The potential for conflict exists within every relationship, be it between individuals or businesses. The differences in habits, attitudes, convictions and individual preferences ensure that no two entities operate in the same way.
The usual outcomes of conflict
Depending on the importance of the relationship between the parties, the possible outcomes of conflicts include:
• Avoidance: Pretending that an issue does not exist. This common mistake negates the opportunity for conflict resolution. The conflict may fester and spread to other areas.
• Competition: In workplaces, instead of facing the issue and resolving the conflict, people may suppress it. Unnecessary competition and mistrust resulting from this can lead to loss of communication, team dynamics and even jobs.
• Compromise: If a business relationship is important to one of the partners, conflicts may be resolved by giving in to the demands of the other party. These compromises are often grudgingly made, and the underlying dissatisfaction may lead to the breaking up of the association later.
• Accommodation: Both the parties may give in to each other’s demands when the association is equally important to their businesses. While it may seem like a fair deal, constant disagreements and blame-games may decrease productivity.
Why collaboration is a better alternative
The usual outcomes of conflicts have negative connotations. No constructive growth can result from negativism. It’s a temporary truce at best. The usual outcomes may be sufficient to meet short-term goals, but not to achieve lasting peace and progress. On the other hand, collaboration is a long-term solution. It brings in the synergies of common goals and creative inputs from everyone.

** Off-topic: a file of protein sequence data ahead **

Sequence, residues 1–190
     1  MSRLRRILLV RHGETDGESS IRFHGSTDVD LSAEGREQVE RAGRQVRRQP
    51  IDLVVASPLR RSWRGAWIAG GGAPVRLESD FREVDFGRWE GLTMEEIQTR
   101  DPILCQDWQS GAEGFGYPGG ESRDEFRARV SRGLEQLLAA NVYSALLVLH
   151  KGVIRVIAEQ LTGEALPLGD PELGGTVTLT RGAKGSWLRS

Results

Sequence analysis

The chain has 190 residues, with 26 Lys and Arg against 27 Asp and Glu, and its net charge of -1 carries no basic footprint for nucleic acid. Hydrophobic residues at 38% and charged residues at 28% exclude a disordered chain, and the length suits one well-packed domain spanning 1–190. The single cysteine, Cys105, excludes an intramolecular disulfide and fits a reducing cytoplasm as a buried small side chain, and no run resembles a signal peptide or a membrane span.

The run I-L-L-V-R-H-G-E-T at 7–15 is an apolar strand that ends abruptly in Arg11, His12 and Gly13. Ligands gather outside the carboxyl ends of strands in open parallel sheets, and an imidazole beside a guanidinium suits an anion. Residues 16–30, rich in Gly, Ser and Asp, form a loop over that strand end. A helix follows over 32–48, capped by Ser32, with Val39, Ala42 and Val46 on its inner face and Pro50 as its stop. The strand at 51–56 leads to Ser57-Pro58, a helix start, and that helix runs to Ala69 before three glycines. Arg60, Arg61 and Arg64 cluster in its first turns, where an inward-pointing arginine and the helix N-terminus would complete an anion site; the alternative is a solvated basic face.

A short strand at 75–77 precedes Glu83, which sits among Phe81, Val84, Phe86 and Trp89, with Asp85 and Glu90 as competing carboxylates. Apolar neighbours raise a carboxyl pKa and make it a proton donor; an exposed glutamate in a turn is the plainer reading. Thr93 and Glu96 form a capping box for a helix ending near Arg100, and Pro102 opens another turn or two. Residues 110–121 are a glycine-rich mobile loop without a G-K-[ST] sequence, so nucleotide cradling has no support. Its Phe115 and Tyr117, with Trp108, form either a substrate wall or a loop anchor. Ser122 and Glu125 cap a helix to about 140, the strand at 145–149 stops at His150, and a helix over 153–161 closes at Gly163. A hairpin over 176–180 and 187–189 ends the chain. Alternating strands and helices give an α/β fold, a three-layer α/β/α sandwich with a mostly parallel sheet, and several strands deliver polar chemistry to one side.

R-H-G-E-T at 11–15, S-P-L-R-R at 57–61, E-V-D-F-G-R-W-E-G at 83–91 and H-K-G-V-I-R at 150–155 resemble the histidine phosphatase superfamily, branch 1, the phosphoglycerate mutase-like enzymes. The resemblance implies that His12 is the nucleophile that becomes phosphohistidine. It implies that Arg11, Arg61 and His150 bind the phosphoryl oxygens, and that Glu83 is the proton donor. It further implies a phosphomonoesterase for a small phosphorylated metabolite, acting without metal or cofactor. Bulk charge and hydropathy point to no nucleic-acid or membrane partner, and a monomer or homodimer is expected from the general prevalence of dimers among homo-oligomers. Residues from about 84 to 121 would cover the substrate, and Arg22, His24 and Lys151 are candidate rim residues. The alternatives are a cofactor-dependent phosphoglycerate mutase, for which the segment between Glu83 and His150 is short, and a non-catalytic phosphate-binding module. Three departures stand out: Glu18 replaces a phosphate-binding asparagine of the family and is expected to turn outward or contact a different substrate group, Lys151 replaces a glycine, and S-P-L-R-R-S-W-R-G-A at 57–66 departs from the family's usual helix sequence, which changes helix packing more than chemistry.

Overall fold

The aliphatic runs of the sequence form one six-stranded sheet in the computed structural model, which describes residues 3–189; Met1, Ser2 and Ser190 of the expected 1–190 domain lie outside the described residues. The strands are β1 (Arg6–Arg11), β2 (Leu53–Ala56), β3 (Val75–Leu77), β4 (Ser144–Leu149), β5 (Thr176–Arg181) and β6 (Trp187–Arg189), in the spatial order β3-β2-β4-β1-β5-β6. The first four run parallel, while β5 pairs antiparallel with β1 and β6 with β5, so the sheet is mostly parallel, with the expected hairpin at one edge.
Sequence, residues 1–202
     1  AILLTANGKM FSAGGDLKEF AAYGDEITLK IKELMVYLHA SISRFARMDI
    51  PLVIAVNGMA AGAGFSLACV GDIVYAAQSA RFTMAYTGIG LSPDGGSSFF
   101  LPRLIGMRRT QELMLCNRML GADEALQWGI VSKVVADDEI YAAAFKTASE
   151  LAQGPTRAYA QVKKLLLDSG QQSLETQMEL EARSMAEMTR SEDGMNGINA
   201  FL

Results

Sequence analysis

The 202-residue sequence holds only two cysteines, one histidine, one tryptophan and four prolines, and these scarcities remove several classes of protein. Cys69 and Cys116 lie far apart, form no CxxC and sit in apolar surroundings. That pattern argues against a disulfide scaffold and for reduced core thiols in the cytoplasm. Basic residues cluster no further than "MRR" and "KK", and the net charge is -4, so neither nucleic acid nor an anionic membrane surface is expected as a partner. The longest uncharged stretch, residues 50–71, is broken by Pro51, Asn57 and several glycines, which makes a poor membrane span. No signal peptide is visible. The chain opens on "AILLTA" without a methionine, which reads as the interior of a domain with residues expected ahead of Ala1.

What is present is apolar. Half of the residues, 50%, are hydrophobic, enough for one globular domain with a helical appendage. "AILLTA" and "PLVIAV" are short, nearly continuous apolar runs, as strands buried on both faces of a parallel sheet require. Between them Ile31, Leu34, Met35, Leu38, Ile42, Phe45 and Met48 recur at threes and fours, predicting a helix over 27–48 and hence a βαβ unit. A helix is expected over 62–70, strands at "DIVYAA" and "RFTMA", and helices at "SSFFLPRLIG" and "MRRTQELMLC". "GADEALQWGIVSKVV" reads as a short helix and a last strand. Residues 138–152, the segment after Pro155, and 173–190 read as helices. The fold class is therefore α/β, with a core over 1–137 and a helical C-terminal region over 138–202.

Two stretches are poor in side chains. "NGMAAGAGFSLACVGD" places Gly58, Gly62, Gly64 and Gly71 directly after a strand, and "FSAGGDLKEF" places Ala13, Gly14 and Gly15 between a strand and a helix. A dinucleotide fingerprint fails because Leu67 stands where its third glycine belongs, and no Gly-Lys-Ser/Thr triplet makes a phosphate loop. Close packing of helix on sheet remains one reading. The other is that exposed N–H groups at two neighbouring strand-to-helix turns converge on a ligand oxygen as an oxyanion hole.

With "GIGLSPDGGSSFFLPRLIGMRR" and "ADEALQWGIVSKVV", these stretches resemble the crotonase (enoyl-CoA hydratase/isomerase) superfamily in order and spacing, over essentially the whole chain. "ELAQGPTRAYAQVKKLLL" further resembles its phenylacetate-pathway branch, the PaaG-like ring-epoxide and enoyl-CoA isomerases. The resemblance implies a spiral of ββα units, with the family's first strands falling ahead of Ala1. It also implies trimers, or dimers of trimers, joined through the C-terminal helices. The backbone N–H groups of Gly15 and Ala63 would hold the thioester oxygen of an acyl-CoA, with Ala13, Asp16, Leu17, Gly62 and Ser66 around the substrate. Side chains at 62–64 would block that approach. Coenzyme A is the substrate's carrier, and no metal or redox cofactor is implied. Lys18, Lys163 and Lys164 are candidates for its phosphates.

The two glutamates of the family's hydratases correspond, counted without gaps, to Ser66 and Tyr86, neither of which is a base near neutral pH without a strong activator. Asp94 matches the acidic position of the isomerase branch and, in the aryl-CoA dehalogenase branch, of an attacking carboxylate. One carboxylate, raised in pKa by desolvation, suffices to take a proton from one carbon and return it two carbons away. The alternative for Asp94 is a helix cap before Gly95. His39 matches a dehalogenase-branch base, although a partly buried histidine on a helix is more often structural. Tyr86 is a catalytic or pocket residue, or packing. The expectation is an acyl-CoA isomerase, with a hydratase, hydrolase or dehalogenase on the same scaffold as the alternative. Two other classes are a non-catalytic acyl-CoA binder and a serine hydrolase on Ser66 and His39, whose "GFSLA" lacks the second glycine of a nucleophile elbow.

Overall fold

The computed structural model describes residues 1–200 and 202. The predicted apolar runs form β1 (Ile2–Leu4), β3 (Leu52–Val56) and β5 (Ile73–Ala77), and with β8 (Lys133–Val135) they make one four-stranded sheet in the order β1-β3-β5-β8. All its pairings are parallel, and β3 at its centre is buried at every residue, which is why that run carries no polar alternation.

How to turn conflict into collaboration
The first step in turning conflict into collaboration is education, through conflict management training or a conflict management workshop. Some major points are outlined below.
• Change the attitude: Conflict is normally seen as a minor war in which both the parties try to hold on to their weapons and one-upmanship. It should be ideally viewed, however, as an opportunity for greater growth. This change of attitude is the first step to collaboration.
• Listen to all: When people sit across a table to discuss issues, often everyone is too busy expressing their own views and opinions to listen to what others have to say. An attempt at collaboration should ensure that all the issues, facts and viewpoints are brought to the table, and all are heard.
• Remove the emotions: Conflicts are more often than not emotionally charged. People feel threatened when their ideas are rejected and their suggestions are opposed. They react with anger, resentment and frustration. Objectivity is lost when emotions are present. Separate the issues from the emotions and give full attention to the facts.
• Search for common ground: When free exchange of aspirations and ideas takes place, you may come across some common ground that can be the basis for the journey forward. Identify common goals and areas that can benefit from cooperative effort. Make a note of resources that can be shared and people who can work together.
• Reach an agreement: All the discussions during the search for common ground are geared towards reaching an agreement that is in the best interests of all the parties involved. Marsha Shenk, a pioneer in Business Anthropology, calls it the “agreement for results”.
• Set goals: To bring a collaborative effort to fruition, words should be translated into actions. Setting short-term and long-term goals within a framework of time and achieving milestones is very important.
Collaboration is an ongoing process. For it to be successful, the exercise of finding common ground, making agreements, and setting goals should be repeated over and over again until it becomes a habit. It takes mindfulness about the common goals and strong commitment to follow through. These tips can help, along with courses in conflict management training or at the least, a conflict management workshop.
Stitt Feld Handy Group offers training in conflict management, communication skills, negotiation, mediation, arbitration, and alternative dispute resolution for large and small businesses, using the latest adult education techniques. Do you want to turn conflict into collaboration? Contact us today to learn more about how to get started.Radek Cecha :: About Author :: Email